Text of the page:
The Dangers of Lightning

Beyond the obvious physical harm people face of with a direct strike, lightning also poses other dangers.  One of the biggest is fire.  Lightning strikes can ignite forest and brush fires, especially in places that are very dry.  Lightning striking your home can also result in fire, which makes it even more important to have a family fire evacuation plan and fire protection supplies like fire extinguishers and smoke detectors in place.  If your home catches fire as the result of a lightning strike, it is very likely that the loss is covered by your homeowners insurance.  The next danger, power surges, may not be covered, which means you need to check with your insurance agent to determine if your possessions are protected.  When lightning strikes, it can cause power surges to race through the power grid, affecting homes far from the actual storm.   Make sure all electronic equipment, which is the most vulnerable to power surge damage, is plugged into a surge strip that protects against the type of surges caused by lightning.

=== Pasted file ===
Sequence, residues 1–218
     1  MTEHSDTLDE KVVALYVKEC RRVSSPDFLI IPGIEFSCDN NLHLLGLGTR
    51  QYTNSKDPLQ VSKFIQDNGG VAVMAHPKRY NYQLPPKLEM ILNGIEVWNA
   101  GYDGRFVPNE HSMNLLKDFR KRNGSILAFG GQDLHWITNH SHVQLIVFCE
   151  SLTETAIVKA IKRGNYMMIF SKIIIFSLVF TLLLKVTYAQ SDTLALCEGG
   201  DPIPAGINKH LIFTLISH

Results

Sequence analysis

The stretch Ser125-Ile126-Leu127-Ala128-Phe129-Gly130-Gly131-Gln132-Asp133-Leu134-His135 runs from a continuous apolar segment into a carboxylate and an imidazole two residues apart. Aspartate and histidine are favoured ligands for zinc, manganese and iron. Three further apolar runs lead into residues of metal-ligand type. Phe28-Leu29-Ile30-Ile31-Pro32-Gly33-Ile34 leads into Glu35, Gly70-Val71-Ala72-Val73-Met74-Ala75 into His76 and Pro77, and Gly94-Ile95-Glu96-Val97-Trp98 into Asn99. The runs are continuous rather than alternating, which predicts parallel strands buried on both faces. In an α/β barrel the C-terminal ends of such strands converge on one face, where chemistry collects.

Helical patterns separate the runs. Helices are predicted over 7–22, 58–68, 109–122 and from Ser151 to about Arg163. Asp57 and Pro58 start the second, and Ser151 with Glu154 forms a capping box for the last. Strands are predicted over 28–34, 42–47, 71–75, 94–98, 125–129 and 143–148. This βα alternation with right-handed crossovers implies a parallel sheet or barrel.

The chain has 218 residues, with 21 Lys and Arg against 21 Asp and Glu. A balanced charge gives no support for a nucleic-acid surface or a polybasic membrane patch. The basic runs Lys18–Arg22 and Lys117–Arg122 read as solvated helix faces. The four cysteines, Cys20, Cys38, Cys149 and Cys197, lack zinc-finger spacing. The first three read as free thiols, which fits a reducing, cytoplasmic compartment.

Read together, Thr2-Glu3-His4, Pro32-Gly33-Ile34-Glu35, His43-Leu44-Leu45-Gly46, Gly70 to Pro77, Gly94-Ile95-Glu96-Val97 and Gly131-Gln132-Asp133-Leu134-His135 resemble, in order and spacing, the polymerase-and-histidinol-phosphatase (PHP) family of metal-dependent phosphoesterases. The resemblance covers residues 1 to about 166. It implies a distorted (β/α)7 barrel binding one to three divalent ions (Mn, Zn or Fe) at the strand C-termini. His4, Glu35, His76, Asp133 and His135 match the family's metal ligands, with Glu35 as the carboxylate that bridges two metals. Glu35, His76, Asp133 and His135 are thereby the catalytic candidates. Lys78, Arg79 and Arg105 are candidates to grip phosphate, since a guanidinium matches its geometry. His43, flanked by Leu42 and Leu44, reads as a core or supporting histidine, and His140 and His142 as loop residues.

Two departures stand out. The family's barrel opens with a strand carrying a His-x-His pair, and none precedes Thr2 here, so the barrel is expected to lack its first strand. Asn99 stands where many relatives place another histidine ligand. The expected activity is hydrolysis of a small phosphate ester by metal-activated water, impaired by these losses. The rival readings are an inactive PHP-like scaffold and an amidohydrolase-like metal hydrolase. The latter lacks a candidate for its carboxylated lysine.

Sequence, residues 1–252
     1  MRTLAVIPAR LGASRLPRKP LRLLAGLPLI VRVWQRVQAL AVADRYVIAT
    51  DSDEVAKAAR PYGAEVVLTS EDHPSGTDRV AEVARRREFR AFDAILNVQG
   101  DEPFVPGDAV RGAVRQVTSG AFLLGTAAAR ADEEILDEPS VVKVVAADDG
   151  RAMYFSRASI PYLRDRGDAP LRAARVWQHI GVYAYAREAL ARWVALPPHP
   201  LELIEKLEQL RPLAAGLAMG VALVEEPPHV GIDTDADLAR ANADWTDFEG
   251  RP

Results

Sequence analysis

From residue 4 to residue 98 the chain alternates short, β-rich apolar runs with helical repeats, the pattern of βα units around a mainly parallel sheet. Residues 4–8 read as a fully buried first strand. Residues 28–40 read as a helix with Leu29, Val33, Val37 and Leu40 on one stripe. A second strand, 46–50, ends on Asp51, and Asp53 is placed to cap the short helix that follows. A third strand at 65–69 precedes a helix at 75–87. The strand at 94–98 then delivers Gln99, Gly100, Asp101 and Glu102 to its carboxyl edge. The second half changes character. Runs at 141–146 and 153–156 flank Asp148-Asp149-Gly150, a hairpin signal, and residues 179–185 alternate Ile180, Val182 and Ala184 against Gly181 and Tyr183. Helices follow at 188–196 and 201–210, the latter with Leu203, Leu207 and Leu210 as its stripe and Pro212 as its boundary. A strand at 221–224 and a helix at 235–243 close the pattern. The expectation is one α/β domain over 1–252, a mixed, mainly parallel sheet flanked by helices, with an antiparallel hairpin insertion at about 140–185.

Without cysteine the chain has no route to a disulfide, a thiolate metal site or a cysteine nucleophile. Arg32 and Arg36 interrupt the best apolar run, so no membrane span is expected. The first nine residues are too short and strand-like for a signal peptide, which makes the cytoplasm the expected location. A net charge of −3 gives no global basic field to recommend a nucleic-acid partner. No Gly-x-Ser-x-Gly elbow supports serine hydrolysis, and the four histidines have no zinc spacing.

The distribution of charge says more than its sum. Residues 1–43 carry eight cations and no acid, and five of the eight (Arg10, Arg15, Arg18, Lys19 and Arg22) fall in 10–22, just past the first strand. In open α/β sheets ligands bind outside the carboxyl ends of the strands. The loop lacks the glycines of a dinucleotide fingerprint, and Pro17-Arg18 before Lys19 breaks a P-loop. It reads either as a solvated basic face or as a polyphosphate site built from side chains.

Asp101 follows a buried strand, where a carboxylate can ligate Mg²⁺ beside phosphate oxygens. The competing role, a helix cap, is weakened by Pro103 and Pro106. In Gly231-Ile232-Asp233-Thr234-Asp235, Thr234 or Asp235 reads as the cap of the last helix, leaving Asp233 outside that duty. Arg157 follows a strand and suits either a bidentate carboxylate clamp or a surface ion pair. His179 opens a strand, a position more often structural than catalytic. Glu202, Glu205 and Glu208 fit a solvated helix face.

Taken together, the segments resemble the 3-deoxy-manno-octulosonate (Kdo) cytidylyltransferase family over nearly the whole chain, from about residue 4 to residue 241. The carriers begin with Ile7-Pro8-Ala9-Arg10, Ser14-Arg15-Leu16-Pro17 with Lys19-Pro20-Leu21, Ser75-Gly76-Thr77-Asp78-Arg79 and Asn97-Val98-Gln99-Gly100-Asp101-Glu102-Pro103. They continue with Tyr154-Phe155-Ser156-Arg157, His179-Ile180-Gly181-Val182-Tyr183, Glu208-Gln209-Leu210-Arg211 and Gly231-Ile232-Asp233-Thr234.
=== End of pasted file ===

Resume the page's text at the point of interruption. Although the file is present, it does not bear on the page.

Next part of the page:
Protecting Yourself

Although the safest place to be in a thunder storm is inside a building like your home, this won’t keep you 100% safe from lightning strikes.  When a building is struck by lightning, the electric current can travel through the building in a number of ways.  It can use the electrical system, the plumbing system, and even the metal bars used to reinforce the building.  These currents surging through the house can hurt you if you are not careful.  During a thunderstorm, stay away from all electronics including computers and appliances.  Don’t take a shower or come in contact with water from your plumbing system.  Don’t talk on the phone unless you are using your cell phone.  These steps will help keep you safe if the house or building you are in is struck.

Take some time over the next week to help educate others about lightning safety and spread awareness for lightning safety week.  Just remember, if you hear the thunder roar, get indoors.